In response to the mysterious, ongoing sonic attacks on American diplomats in Cuba, the United States is pulling approximately 60 percent of its staff off the island and ceasing visa processing indefinitely, people familiar with the decisions told The Associated Press. American citizens have also been urged against visiting the nation.
The futuristic attacks began last fall when U.S. diplomats mysteriously started to lose their hearing. The U.S. launched an investigation and determined that the diplomats had been attacked by a weapon that operated outside the range of audible sound and was covertly placed either inside or outside their homes. At least 21 people have been injured with symptoms including "mild traumatic brain injury, permanent hearing loss, loss of balance, severe headaches, and brain swelling," The New York Times reports.
Cuban President Raul Castro has appeared to be as bewildered by the attacks as Americans, and even went as far as to invite FBI agents to his country to investigate. Some suspect a third country, such as Russia, could be to blame. Curiously, "the FBI had visited the homes of diplomats in Cuba and had not been able to detect anything," the Times adds. "The FBI has also reviewed security footage of the homes and found nothing suspicious. The FBI has been unable to duplicate the effects the diplomats have experienced in a lab."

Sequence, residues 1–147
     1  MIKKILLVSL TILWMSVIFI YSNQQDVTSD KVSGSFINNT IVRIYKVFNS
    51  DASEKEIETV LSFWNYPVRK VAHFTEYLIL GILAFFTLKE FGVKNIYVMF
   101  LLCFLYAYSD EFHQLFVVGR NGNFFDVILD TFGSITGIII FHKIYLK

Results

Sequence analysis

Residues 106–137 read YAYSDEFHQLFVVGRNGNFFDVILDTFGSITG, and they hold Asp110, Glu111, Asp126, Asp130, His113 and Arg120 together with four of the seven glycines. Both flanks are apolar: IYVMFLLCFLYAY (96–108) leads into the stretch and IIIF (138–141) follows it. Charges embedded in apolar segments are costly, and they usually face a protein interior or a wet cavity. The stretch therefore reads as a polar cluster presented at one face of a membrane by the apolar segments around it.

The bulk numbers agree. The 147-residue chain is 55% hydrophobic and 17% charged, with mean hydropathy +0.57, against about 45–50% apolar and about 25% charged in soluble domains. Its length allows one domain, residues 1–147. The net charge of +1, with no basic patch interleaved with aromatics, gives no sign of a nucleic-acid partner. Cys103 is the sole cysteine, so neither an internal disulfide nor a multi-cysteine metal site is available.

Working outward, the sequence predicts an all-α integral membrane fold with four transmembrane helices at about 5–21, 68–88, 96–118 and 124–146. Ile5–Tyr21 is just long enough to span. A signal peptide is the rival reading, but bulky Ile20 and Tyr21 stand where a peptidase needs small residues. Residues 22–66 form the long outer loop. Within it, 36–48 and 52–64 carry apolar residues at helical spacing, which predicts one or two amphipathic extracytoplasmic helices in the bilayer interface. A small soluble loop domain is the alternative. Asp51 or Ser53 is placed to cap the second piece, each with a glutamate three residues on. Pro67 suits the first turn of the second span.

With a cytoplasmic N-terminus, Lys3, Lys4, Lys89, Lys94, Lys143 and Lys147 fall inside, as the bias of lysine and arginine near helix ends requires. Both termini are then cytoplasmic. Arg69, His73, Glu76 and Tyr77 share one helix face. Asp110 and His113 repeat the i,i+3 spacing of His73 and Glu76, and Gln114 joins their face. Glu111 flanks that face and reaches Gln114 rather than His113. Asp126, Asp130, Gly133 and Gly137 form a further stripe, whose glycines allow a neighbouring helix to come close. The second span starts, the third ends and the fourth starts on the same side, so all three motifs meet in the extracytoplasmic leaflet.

A new travel warning issued Friday said that some of the attacks have taken place at hotels and that tourists could be exposed during trips to Cuba. The United States will also stop sending delegations to Havana, although diplomatic talks and meetings will continue in Washington. Cubans looking to obtain U.S. visas "may be able to apply through embassies in nearby countries," AP writes.
The decisions reported Friday avoid a full embassy shutdown, which was one option reportedly considered by Secretary of State Rex Tillerson and President Trump during discussions.